The Paleozoic ostracods distributed from the shallow to deep environments and their compositions could be important indicators to their ecotypes (Williams and Siveter, 1996; Vannier et al., 1995; Wang, 1988). Bandel and Becker (1975) firstly presented the possible ecotype of the Paleozoic ostracods and its distribution model, including Eifelian Ecotype (from tidal zone to fore-reef environment), Thüringen Ecotype (slope environment in the inter-platform basins) and Entomozoacean Ecotype (basin). Wang (1988) subsequently presented a more detailed division of the Late Paleozoic ostracod ecotypes and classified them into five associations, which were Leperdittid Association, Palaeocopid-platycopid Association, Smooth-podocopid Association, Spinose-podocopid Association and Entomozoacean Association. The former three associations are subdivisions of the Eifelian Ecotype of Bandel and Becker (1975) representing the nearshore shallow-water environments, while Spinose-podocopid Association was consisted with Thüringian Ecotype and Entomozoacean Association was similar to Entomozoacean Ecotype (Wang, 1988; Bandel and Becker, 1975). As the fossil materials had been accumulated, Wang's five associations appeared to be applicable almost globally such as in Australia (Reynolds, 1987), Japan (Kuwano, 1987), China (Wang, 1988) and South America (Vannier et al., 1995), within a much broader time span from the Ordovician to the Trassic (e.g., Wang, 2015; Kozur, 1972; Knüpfer, 1968). Leperdittid Association dominated by leperditiacean in a low diversity and abundance was an assemblage typical of the very shallow-water tidal flat, lagoonal, or deltaic environments (Vannier et al., 1995; Wang, 1988). Palaeocopid Association represented a broad range from nearshore to subtidal open shelf environments and it mainly consisted of palaeocopids and platycopids especially cavellinaceans with little or no podoropids (Vannier et al., 1995; Wang, 1988). Smooth-podocopid Association and Spinose-podocopid Association were both dominated by podocopids, but the differences between them were distinctive. The former one often consisted of large-size podocopids with little spines and a few palaeocopids like kikbyaceans and paraparchitaceans, living in the off-shore, shallow-water environments, while the latter one's compositions were the podocopids with smaller body size and spinose ornamentation, indicating the relatively low-energy and deep- water environments (Vannier et al., 1995; Wang, 1988; Bandel and Becker, 1975). Entomozoacean Association contained a great many entomozoids often preserved in the basin, which was deeper than Spinose-podocopid Association (Wang, 1988).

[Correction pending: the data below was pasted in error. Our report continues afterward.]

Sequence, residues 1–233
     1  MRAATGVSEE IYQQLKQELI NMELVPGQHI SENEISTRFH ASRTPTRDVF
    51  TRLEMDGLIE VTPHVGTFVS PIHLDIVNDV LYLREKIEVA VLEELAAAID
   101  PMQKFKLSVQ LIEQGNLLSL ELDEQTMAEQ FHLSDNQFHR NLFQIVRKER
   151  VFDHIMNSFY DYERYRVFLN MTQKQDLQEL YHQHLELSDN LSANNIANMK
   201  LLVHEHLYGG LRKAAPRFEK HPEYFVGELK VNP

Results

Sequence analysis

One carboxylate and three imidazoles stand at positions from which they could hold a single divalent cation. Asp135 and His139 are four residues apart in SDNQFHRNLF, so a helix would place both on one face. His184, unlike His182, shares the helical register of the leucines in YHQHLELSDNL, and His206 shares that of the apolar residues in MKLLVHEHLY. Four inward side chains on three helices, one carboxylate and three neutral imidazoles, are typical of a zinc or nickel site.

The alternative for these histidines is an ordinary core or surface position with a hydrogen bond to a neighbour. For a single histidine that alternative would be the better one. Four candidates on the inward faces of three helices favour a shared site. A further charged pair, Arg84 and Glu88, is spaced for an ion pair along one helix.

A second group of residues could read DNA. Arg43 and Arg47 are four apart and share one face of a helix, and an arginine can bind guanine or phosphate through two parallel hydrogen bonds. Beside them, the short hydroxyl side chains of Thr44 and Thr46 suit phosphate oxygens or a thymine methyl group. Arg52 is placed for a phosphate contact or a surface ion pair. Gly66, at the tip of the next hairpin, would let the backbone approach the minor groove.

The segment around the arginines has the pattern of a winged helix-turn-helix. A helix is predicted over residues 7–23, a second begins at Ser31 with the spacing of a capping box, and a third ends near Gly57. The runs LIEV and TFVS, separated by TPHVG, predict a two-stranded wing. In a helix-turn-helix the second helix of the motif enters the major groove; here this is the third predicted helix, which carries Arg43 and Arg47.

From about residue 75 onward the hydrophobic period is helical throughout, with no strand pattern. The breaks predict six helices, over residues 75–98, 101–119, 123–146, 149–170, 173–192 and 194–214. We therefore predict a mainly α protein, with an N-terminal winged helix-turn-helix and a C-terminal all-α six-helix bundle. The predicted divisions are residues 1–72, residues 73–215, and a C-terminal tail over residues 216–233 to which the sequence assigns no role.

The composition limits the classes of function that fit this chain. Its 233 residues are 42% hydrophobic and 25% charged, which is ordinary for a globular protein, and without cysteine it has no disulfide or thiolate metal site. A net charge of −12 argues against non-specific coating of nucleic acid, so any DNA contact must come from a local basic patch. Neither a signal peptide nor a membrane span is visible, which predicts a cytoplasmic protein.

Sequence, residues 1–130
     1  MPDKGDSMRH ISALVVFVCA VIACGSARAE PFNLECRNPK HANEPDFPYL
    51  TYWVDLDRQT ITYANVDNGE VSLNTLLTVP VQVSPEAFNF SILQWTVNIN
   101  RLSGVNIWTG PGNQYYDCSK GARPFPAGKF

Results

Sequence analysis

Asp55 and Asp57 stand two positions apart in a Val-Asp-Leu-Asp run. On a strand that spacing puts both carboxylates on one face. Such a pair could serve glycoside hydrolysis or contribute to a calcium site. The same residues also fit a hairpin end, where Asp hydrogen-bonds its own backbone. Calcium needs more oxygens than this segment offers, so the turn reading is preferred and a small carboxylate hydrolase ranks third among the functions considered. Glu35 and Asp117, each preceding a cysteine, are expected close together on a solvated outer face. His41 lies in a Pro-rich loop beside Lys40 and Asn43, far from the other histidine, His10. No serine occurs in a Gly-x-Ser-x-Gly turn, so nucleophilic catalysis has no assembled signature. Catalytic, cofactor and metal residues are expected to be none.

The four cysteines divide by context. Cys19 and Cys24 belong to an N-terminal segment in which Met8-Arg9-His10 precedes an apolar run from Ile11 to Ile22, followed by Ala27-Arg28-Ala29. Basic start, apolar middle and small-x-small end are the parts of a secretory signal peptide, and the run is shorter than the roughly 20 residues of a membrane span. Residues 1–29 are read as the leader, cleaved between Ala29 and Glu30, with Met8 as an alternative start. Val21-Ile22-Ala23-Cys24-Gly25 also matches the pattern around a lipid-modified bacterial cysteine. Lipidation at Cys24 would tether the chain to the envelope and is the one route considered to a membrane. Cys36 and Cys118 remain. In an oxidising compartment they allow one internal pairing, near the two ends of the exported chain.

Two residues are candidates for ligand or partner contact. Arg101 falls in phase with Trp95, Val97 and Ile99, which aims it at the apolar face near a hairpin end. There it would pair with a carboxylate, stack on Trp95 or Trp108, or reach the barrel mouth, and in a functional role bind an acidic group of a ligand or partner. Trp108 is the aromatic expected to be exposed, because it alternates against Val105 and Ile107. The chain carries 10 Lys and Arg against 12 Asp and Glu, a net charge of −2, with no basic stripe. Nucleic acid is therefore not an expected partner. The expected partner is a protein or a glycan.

The composition of the ostracod fauna in this paper consists of Palaeocopida (Aparchites, Parapatchites, Euprimitia, Kirkbyella), Metacopida (Healdianella, Fenxiangia, Amsdenia, Paraplatyrhombodies) and Platycopida (Cavellina), which is very close to the constitutes of Palaeocopid Association (Wang, 1988) with prevailing palaeocopids, some platycopids especially cavellinaceans (e.g., Cavellina) and no podoropids. It means that the ostacod fauna from the Hengdu Section may had lived in a shallow-water environment (e.g., from nearshore to subtidal open shelf facies) during the Darriwilian (Vannier et al., 1995; Wang, 1988). However, these ostracods are found in the cherts accompanied by radiolarians and sponge spicules representing a deep-water environment. In addition, in the regional paleogeographical context, the studied section is in the shelf-slope, also a relatively deep-water environment. Therefore, the living environment based on the ecotypes of ostracods is different from their burial environment. It might be able to conclude that this ostracod fauna in this paper was transported from the shallow-water environments. If this inference is true, the Jiangshan District was close to a shallow-water platform, probably the Yangtze carbonate platform (according to Fig. 1) during the Darriwilian and could receive the sediments from it. More detailed work in the future will contribute to a better understanding of the ecology of the ostracod fanuas in the Ordovician of South China and their role in the sedimentary system.5 CONCLUSION